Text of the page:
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May is Healthy Vision Month and we're focusing on healthy eyes for seniors; sharing some interesting facts and information about maintaining healthy eyesight as you age.

Healthy Vision Information

  • By 2030 approximately 11.4 million people will have diabetic retinopathy; especially as the numbers of seniors increases.
  • Your genes play an important part in being "at risk" for health problems; in particular those who have a family history of glaucoma and/or any other genetic eye diseases should be extra diligent about having regular eye exams.
  • Some excellent food choices that can help you reduce your risk of eye disease include dark green leafy vegetables, fish, eggs (the yolk in particular), carrots or any food high in beta-carotene, almonds (studies show that they can be beneficial against age-related macular degeneration -AMD- and cataract), and fruits high in vitamin C (berries, citrus, etc.) are a few of the foods known to help reduce your risk of AMD or cataracts.
  • Half of Americans 75 years of age and over have cataracts; many may not only realize they have it in the early stages when it removal is usually more successful.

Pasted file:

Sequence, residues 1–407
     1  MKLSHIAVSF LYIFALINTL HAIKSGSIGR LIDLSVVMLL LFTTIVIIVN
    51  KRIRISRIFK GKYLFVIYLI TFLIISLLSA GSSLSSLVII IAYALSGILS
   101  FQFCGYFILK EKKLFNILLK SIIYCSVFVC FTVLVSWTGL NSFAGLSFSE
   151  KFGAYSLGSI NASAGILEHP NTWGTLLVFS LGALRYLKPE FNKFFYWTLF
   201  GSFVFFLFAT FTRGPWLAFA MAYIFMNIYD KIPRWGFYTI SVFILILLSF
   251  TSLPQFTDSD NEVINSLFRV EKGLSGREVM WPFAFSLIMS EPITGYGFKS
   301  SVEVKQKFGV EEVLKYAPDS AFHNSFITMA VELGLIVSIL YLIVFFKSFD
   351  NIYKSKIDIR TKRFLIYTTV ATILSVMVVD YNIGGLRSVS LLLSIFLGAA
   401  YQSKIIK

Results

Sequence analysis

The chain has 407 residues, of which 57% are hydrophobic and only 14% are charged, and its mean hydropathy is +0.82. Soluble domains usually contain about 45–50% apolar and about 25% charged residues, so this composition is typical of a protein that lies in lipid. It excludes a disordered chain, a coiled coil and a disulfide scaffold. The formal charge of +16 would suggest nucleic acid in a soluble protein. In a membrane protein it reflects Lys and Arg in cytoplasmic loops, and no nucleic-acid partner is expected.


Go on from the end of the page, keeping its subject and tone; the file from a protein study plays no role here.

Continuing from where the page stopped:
• Poor eyesight can attribute to increased fall risk in seniors; it's important to reduce your risk of falls and this includes keeping your eyesight in check.
  • Low vision is not a part of aging; this means that if you are experiencing low vision symptoms it is from an eye injury (current or former) or eye disease.

Tips for Seniors - Encouraging Healthy Vision

  1. Overall Health - Remember that your overall health is relevant to your eye health. Diseases such as diabetes, high blood pressure, and many others can affect eye health; so it's important to visit your physician regularly and practice healthy lifestyle habits.
  2. Sleep Habits Affect Eye Health - Your sleep patterns can affect the health of your eyes and it's common to experience changes in sleep habits as we age. During sleep your eyes perform certain healthy functions like flushing out the irritants and pollutants and exposure to natural light affects your eyes' ability to perform properly; making sleep an important factor to healthy vision and your overall health.
  3. Protective Eyewear - It's important to wear protective eyewear (not just your regular glasses) during home improvements, when in the sun, and when using chemicals to garden or clean. Statistics show 44% of eye injuries occur in the home.
  4. Know What To Expect - It's important to understand what "normal" is as you age. Eyesight does change, but not all things are normal; the AAO explains what to expect with your eyesight as you age.

Safe surroundings, assistance in everyday living and regular eye exams can all be some of the most important factors in healthy vision and safety for seniors.Photo by simonwijers / PixabayCited Works:American Academy of OphthamologyNational Eye Institute (NEI)

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